Post-fire production of mushrooms in Pinus pinaster forests using classificatory models
- 272 Downloads
This study was aimed at describing post-fire mushroom production in a Mediterranean ecosystem dominated by Pinus pinaster Ait. in the northwest of Spain and assessing the results by classificatory models. During the autumn periods of 2003–2006, fruit bodies from 115 fungal taxa were collected in burned and unburned areas and were further grouped into the following categories: saprotrophic/mycorrhizal; and edible/non-edible. After wildfires, a significant reduction in the number of fungal species and fruit body biomass production was observed. Based on this relevant information, the first simple classificatory model for this aim is provided. Nine alternative models based on classifications according to combinations of edibility and functional groups were fitted, and four fruiting body biomass production classes were defined as possible responses. As explanatory factors, time after fire and climatic variables significantly related to fruit body production were included. The best predictive results were obtained for edible and edible-mycorrhizal models, for which the correct classification rate of production classes was between 92 and 85 %. Moreover, the models obtained were applied to analyse the effect of time after fire on fungal production. Mycorrhizal and edible fungal production after fire was classified into the lowest class, whereas saprotrophic and non-edible species followed a contrary trend. The classificatory models can be useful to optimise management and harvest of these increasingly appreciated non-timber forest resources.
KeywordsClassificatory models Fire Mushroom production Pinus pinaster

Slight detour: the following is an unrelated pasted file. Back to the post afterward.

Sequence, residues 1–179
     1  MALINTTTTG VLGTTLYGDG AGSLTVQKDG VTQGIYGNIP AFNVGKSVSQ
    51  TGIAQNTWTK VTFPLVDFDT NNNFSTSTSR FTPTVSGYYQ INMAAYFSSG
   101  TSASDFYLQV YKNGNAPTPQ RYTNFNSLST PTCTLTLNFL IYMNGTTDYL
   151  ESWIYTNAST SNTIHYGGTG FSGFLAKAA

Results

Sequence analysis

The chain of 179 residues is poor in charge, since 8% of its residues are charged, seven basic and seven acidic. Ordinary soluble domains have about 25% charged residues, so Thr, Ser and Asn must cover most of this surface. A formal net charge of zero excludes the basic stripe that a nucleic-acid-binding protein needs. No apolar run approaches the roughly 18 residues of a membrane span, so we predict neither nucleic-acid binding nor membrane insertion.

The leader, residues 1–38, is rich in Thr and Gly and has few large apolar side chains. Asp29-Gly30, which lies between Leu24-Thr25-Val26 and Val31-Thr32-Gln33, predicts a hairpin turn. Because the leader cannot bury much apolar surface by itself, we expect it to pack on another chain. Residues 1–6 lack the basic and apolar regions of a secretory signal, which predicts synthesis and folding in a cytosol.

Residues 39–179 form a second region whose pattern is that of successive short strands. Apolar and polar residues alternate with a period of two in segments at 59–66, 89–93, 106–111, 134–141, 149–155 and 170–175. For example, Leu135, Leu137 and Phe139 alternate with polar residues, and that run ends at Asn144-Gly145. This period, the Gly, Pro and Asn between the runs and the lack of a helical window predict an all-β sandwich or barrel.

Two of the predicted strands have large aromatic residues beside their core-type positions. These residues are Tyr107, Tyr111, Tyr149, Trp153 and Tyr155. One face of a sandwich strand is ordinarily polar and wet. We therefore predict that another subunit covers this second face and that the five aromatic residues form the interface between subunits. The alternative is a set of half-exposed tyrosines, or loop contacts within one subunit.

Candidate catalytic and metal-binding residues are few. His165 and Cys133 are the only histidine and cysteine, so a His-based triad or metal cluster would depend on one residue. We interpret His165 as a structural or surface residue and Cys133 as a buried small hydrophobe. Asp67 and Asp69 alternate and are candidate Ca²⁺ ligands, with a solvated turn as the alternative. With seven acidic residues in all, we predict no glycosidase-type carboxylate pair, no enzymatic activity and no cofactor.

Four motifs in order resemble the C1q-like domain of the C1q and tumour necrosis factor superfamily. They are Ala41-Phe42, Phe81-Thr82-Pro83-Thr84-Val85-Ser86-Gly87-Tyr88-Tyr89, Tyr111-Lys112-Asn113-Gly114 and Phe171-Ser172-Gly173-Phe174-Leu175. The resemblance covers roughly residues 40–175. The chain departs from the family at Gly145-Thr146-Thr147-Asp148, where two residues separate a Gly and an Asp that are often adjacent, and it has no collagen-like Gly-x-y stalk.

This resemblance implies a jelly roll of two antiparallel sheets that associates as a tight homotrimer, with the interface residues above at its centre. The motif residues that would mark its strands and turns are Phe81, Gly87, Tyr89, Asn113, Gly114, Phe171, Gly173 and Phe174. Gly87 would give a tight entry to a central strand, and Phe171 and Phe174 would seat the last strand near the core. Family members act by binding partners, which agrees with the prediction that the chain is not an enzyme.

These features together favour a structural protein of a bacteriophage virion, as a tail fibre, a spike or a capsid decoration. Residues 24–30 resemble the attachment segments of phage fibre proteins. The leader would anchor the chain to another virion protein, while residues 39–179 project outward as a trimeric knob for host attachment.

We thank Associate Professor Valentín Pando (Departamento de Estadística e Investigación Operativa, Universidad de Valladolid) for his valuable support in the statistical analysis and Luis Santos (CIFOR-INIA) for valuable comments for improving this paper. Part of this work was supported by a Research Project (Junta de Castilla y León; Ref.: VA018B05). María Hernández-Rodríguez work is supported by an FPI-UVa grant of University of Valladolid.
- Bravo F, Lucà M, Mercurio R, Sidari M, Muscolo A (2011) Soil and forest productivity: a case study from Stone pine (Pinus pinea L.) stands in Calabria (southern Italy). iForest Biogeosci For 4:25–30Google Scholar
- Dahlberg A (1991) Ectomycorrhiza in coniferous forest-structure and dynamics of populations and communities. PhD thesis, Swedish University of Agricultural Science, UppsalaGoogle Scholar
- Dahlberg A (2002) Effects of fire on ectomycorrhizal fungi in Fennoscandian boreal forests. Silva Fenn 36:69–80Google Scholar
- Martínez de Aragón J, Bonet JA, Fischer CR, Colinas C (2007) Productivity of ectomycorrhizal and selected edible saprotrophic fungi in pine forests of the pre-Pyrenees mountains, Spain: predictive equations for forest management of mycological resources. For Ecol Manag 252:239–256CrossRefGoogle Scholar
- Martínez-Peña F (2003) Producción y aprovechamiento de B. edulis Bull.: Fr. en bosques de Pinus sylvestris L. Bases para la ordenación y valoración económica del recurso micológico forestal, Serie técnica de la Consejería de Medio Ambiente. Serie técnica de la Consejería de Medio Ambiente. Junta de Castilla y LeónGoogle Scholar
- Martín-Pinto P, Vaquerizo H, Peñalver F, Olaizola J, Oria-de-Rueda JA (2006) Early effects of a wildfire on the diversity and production of fungal communities in Mediterranean vegetation types dominated by Cistus ladanifer and Pinus pinaster in Spain. For Ecol Manag 225:296–305CrossRefGoogle Scholar
- Ohenoja E (1989) Forest fertilization and fruiting body production in fungi. Atti Centro Sudi Flora Mediterr 7:233–253Google Scholar
- Pilz D, Smith J, Amaranthus MP, Alexander S, Molina R, Luoma D (1999) Mushrooms and timber: managing commercial harvesting in the Oregon Cascades. J For 97:4–11Google Scholar
- Thornthwaite CW, Mather JR, (1955) The water balance, vol 8. Centerton: Drexel Institute of Technology, Publications in climatologyGoogle Scholar
- Vogt KA, Bloomfield J, Ammirati JF, Ammirati SR (1992) Sporocarp production by basidiomycetes, with emphasis on forest ecosystems. In: Carroll G, Wicklow DT (eds) The fungal community, its organization and role in the ecosystem. Marcel Dekker, New York, pp 563–581Google Scholar